The Sixers’ descending winding proceeded through the mid 1970s, and they achieved a noteworthy low when they completed the 1972– 73 season with a record of 9– 73. After an arrival to the play-offs and another first-round exit in 1976, the Sixers chose to spend their way back to respectability, paying $3 million to the New York Nets of the American Basketball Association to obtain Julius (“Dr. J”) Erving before the 1976– 77 season. In his first year, Erving drove the 76ers to the NBA finals, where they would lose to the Portland Trail Blazers in six amusements. The Sixers met all requirements for the play-offs in every one of Erving’s 11 years in Philadelphia, which included three more outings to the NBA finals. The most important of these postseason billets occurred after the 1982– 83 consistent season. That Sixers group was overpowering to the point that inside Moses Malone ensured an undefeated postseason keep running before the play-offs started. Philadelphia nearly satisfied Malone’s strong articulation, losing just a single play-off diversion in transit to catching the group’s third NBA title.

In 1984 the 76ers drafted forward Charles Barkley, who turned into the substance of the group in the wake of Erving and Malone left Philadelphia later in the decade. A stellar individual entertainer, Barkley neglected to lead the 76ers profound into the postseason amid his opportunity in Philadelphia, and—after his exchange to the Phoenix Suns in 1992—the Sixers entered revamping mode.

Philadelphia encountered a group record seven-year play-off dry spell from the 1991– 92 season to the 1997– 98 season, however the play of youthful hotshot Allen Iverson surprised the alliance and resuscitated the establishment. Iverson drove the 76ers to the 2001 finals, yet the establishment lost to the Lakers for a fifth time in the NBA’s title arrangement. Iverson was exchanged away in 2006, and the 76ers entered the 2010s amidst a time of predominately normal play, regularly completing their seasons with winning rates around .500. In 2011– 12 a youthful 76ers squad completed the lockout-abbreviated standard season with a 35– 31 record to win the eighth and last Eastern Conference play-off spot. Philadelphia at that point turned into the fifth eighth seed in NBA history to annoy a best seed when the group crushed the Chicago Bulls in six diversions. The group neglected to benefit from its play-off energy the accompanying season and came back to its then-late pattern of average play.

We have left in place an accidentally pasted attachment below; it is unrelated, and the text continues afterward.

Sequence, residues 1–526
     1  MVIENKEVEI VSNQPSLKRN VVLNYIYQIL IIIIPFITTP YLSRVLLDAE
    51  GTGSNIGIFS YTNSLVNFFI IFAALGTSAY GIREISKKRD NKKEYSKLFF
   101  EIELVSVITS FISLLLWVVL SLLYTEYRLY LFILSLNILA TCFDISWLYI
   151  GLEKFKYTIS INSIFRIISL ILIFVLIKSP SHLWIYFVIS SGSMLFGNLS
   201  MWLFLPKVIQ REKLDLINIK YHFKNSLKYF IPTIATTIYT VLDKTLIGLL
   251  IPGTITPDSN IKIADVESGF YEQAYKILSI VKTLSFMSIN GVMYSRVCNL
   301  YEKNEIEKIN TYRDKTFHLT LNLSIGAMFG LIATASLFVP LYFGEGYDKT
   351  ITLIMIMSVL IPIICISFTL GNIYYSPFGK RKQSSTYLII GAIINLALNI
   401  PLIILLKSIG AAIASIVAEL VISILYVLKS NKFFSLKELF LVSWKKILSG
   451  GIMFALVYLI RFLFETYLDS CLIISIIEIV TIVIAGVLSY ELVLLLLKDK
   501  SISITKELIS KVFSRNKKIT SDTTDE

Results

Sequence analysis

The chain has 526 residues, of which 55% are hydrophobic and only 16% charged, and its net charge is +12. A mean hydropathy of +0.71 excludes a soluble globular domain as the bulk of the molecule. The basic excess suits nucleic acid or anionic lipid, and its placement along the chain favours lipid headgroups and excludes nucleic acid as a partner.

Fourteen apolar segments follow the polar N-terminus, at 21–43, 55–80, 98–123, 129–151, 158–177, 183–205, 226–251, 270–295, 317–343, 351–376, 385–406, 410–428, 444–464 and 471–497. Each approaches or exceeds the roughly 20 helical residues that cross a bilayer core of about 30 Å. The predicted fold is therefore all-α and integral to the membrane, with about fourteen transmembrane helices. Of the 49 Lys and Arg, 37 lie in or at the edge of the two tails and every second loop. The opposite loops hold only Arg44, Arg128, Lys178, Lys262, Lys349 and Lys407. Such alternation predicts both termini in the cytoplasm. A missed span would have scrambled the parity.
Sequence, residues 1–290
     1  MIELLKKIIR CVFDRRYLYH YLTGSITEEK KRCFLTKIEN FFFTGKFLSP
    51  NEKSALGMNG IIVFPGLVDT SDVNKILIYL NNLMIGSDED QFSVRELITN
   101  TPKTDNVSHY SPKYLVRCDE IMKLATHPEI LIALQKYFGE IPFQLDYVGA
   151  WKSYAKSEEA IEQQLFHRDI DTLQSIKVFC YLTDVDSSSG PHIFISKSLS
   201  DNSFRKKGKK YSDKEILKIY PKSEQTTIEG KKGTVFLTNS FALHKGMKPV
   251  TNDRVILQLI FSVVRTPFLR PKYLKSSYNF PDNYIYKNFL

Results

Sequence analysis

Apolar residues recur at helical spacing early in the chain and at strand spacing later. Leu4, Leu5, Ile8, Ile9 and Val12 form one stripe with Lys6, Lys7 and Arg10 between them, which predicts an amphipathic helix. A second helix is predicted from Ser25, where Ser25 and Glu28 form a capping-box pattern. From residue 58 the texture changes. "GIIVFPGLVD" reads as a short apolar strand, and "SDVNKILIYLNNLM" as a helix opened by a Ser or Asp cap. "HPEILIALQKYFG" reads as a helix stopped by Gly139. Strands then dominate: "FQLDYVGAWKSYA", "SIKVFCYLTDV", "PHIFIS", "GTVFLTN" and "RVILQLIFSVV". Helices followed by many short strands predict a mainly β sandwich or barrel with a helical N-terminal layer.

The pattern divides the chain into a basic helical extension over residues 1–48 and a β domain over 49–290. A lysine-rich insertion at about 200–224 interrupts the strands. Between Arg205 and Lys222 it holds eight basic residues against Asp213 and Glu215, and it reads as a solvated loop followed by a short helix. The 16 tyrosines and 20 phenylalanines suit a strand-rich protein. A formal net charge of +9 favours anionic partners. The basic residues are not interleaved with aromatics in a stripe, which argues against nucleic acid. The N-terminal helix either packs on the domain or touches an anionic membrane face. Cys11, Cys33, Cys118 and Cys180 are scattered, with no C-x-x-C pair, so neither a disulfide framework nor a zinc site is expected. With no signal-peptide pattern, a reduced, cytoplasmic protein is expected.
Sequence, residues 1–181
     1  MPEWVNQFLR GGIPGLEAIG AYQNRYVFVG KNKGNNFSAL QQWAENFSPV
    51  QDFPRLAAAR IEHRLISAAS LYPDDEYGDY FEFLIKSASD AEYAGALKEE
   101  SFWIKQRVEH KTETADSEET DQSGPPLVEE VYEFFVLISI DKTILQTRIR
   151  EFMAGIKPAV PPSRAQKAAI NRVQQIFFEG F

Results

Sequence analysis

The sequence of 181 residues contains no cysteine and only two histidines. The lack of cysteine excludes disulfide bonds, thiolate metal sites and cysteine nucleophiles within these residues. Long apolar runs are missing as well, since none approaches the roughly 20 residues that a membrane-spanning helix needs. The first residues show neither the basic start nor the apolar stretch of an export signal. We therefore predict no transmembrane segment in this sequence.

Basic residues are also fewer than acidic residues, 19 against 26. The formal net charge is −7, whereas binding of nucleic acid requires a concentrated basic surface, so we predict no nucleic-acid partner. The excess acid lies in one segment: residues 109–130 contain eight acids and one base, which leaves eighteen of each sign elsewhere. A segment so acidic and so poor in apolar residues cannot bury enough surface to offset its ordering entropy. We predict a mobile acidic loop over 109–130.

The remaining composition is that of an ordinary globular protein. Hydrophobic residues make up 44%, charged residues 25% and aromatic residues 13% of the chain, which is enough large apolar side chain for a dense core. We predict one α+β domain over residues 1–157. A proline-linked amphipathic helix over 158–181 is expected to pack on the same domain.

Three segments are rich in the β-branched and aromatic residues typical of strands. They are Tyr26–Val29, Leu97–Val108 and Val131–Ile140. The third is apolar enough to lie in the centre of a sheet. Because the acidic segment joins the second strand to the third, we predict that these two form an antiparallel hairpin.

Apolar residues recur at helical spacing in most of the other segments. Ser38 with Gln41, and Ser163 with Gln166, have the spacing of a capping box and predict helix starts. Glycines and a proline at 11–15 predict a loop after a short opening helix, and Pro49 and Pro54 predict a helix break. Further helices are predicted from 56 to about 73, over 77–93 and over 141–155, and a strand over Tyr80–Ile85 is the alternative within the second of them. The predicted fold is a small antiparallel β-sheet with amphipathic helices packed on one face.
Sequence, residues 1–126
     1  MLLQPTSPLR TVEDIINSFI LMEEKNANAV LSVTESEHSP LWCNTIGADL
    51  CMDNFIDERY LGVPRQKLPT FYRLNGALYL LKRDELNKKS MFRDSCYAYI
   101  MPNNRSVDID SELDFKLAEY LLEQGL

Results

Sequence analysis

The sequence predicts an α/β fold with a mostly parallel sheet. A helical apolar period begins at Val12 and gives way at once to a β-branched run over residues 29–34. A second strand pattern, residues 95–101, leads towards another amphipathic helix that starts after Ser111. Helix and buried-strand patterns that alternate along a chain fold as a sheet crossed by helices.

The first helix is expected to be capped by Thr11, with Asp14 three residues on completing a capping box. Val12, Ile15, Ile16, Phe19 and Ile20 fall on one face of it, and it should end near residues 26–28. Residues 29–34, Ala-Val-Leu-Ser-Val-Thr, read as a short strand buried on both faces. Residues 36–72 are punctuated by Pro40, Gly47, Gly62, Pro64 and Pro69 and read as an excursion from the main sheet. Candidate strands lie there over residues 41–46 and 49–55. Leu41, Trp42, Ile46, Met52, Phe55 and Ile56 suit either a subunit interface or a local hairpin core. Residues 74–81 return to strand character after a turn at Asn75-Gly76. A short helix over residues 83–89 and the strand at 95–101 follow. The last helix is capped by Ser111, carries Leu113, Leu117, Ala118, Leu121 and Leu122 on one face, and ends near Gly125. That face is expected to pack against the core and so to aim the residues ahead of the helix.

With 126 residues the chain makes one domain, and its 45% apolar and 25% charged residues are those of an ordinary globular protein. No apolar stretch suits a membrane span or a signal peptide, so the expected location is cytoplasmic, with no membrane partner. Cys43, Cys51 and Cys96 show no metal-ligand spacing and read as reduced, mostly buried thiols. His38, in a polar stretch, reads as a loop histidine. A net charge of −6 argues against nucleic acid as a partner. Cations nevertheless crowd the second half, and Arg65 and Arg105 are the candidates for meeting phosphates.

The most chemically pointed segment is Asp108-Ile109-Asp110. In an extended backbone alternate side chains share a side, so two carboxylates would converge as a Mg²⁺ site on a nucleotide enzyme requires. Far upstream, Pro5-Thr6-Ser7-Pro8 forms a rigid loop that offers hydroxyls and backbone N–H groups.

The Sixers contracted Sam Hinkie as general administrator amid the 2013 off-season, and he founded a radical remaking design. As opposed to endeavor to handle the most ideal group each season, he concentrated on a long haul technique that saw the group get various draft picks in exchanges and draft harmed players who might not quickly enhance the 76ers but rather who could end up being takes once they mended. Hinkie’s quirky approach prompted Philadelphia’s getting to be one of the most exceedingly terrible groups in the class, as confirm in the squad’s tying the NBA record for back to back misfortunes (26) amid the 2013– 14 season. After three straight periods of unavoidable losses—including a 10– 72 record in 2015– 16—Hinkie surrendered from the group, and the 76ers started a more conventional reconstructing program.